Friday, November 03, 2006

Remember, remember the 5th of November

As everyone knows, the 5th of November is Guy Fawkes' Day aka Firecracker Night, on which the British, with their really twisted sense of humour, celebrate the foiling of the treasonous Gunpowder Plot to blow up the Houses of Parliament by...blowing up some fireworks.

They're also supposed to burn an effigy of Guy Fawkes, because being hung, drawn and quartered for treason isn't enough, clearly - you need to be ritually punished for centuries. LET THAT BE A LESSON TO ANYONE THINKING OF BLOWING UP THE HOUSES OF PARLIAMENT.

Anyway, the 5th of November is clearly more guideline than hard and fast rule, because for more than a week the delightful young people hereabouts have been setting off crackers non-stop in carparks, albeit never after 11pm, bless them and their oddly considerate delinquent ways. (Humorous aside - they were setting off crackers beside the estate's fenced soccer field last week. One of the large and burly soccer players threatened to come out and get them if they threw a cracker on the field, whereupon they said in very offended tones "we would never do that!")

As the Lord Mayor's fireworks show isn't on until tomorrow night, we assumed that the firecracker noises tonight were nothing more than an unusually organised delinquent carpark firecracker display. However, it kept going, and we therefore went around the corner (rugged up in our woollies, because it is FREEZING here) to have a look.

And saw this:

This would be a bonfire of stupendous proportions, for the local Firecracker Night. There were fireworks as well, obviously, given that the noise was what drew us out of the cosy pixieflat in the first place, but we didn't get there in time to get shots of the good ones. No-one seemed to be burning a Guy, but maybe he was all burned up before we got there. There was however a pumpkin on the bonfire, which is what happens when American culture eats everything else I suppose (viz. cranberries in Kew Gardens).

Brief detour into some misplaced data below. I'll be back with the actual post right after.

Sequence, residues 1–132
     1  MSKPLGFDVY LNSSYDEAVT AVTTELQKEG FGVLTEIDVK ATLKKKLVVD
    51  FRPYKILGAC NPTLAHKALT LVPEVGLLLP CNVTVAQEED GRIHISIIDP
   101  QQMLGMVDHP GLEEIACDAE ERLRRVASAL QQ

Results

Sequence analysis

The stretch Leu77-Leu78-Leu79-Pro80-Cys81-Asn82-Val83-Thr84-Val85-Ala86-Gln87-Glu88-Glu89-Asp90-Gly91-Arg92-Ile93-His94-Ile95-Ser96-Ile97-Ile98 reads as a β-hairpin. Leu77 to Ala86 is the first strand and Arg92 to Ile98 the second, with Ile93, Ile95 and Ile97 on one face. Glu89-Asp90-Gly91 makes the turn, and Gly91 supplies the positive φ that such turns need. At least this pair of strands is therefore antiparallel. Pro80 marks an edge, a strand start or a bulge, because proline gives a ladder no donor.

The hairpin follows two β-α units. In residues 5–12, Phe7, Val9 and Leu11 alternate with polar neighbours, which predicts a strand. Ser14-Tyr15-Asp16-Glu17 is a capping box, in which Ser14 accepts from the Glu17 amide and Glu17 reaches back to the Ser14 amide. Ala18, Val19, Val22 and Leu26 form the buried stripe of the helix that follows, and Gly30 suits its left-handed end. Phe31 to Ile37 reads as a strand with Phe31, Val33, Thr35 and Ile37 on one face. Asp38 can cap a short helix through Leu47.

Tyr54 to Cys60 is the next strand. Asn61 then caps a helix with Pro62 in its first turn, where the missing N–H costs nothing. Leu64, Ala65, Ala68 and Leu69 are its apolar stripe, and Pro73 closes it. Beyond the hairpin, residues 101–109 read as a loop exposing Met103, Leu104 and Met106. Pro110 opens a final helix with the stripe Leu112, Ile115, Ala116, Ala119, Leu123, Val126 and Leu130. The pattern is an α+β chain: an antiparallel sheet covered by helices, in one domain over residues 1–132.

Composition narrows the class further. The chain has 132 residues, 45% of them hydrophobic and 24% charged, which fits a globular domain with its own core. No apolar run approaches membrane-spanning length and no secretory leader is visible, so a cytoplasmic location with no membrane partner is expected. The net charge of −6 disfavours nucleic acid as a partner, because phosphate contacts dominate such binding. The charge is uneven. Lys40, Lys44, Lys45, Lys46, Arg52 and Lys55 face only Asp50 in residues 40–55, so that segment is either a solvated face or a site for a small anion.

This was all happening in Portobello Green, the so-called "village green" which is a thin park running between Portobello Road and Latimer Road beside the suspended A40 motorway. Which is to say that this freaking huge bonfire and fireworks display were a few metres away from a major arterial road, and I imagine that anyone driving it this evening must have had the living daylights scared out of them.

A few points to note:
* firecrackers are freely available over here, and nobody seems worried about the safety of the 12 year olds playing with them in car parks;
* the above giant bonfire was unfenced and unguarded, and people were just basically hanging around getting singed by it;
* in this country, a sparkler is a perfectly acceptable toy for a toddler.

Basically, we are just now realising that Australia is something of a nanny state, with a hefty "No touching! Ouchies!" approach to anything remotely fun. However, being a citizen of a nanny state makes it very difficult to look at the cute little tradition of Firecracker Night as anything other than an absolute deathtrap. For the same reason I continue to wear my bike helmet whilst cycling, even though I am no longer lawfully obliged to. It does make me wonder though. Do they not have the horrific firecracker accidents over here that we had back home before crackers were banned, or do they just not care provided that everyone remembers the 5th of November? Or is Australia just old fogey land?

Anyway, in future I will have more faith in humanity, and run out to see when I hear firecrackers, instead of swearing quietly at the neighbourhood hoodlums ("chavs"). It felt very English to stand with all the locals and their sparkler-carrying toddlers beside the bonfire, and it was beautifully warm on such a cold night.


1 comment:

Nyssa1968 said...

Applause! But you're obviously not reading the papers here. Every year there are those who suggest firecrackers be banned... but not for the kids. The dogs. Actually, this year was the first time I saw any columnist mention that it might be safer for kids, too, but generally it will be the psychological welfare of the dogs of Britain that may change this tradition.